Russian president, Vladimir Putin has threatened a ‘response’ involving ‘military-political consequences’ if the UK supplies planes to Ukraine in the fight against Russian forces.
President Volodymyr Zelensky on Wednesday February 8, made his first visit to Britain since the outbreak of the invasion last year, warning that the war could ‘stagnate’ if NATO jets are not given to Ukraine.
UK Prime Minister Rishi Sunak, speaking at a joint press conference, responded to his plea by admitting ‘nothing is off the table’ when pushed on providing aircraft before stressing that Britain will now start preparing the Ukrainian air force.
But Moscow has threatened a ‘response’ if the Government does supply planes.
The Russian Embassy in London strongly warned the UK against supplying the warplanes, saying Britain would bear responsibility ‘for another twist of escalation and the ensuing military-political consequences for the European continent and the entire world’.
Britain has offered to train Ukrainian fighter pilots on top of an existing programme that has already prepared 10,000 troops for battle.
‘Of course they are part of the conversation’, he admitted, but held back from giving a concrete commitment to provide fighter planes.
Mr Zelensky said fighter jets had been discussed and reiterated his call for longer-range missiles.
He is due to meet EU leaders in Brussels on Thursday.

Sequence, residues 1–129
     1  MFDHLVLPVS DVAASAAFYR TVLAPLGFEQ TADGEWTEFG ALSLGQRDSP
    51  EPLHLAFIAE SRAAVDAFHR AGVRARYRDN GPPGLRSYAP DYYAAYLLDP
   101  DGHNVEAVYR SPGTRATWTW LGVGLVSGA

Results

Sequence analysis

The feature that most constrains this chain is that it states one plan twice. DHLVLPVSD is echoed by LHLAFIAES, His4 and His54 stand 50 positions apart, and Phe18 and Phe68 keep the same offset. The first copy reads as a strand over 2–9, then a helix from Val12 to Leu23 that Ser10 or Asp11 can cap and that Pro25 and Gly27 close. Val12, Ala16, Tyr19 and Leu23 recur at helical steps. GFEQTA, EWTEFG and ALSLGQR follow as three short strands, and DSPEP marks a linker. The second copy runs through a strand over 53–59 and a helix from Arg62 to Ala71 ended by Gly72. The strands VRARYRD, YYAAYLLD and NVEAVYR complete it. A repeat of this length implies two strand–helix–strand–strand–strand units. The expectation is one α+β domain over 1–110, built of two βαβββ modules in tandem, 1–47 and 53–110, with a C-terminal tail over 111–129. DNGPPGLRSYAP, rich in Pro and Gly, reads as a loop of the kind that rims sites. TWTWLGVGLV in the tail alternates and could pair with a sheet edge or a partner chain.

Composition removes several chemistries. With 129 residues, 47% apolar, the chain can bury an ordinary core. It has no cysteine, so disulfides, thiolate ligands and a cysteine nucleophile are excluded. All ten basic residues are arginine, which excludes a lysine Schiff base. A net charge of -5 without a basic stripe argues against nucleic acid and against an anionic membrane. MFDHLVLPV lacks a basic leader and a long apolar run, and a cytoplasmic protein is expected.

Pushed on whether the UK would provide jets, Rishi Sunak said ‘nothing is off the table’ and stressed Britain is now going to start preparing the Ukrainian air force
While the UK operates F-35 and Typhoon jets, the older F-16s widely used by other Nato states have been seen as a better option and easier to deploy on the current battlefield.
However, a UK decision to offer planes would be symbolically important and put pressure on other countries to follow suit.
Mr Zelensky said: ‘You’ve just asked me what would happen if we don’t get these fighter jets or longer-range missiles, or we don’t have enough ammunition, because everything obviously is running out and coming out of maintenance.
‘Without the weapons that we are discussing now and the weapons that we just discussed with Rishi earlier today and how Britain is going to help us, you know, all of this is very important. Without this, there would be stagnation which will not bring to anything good.’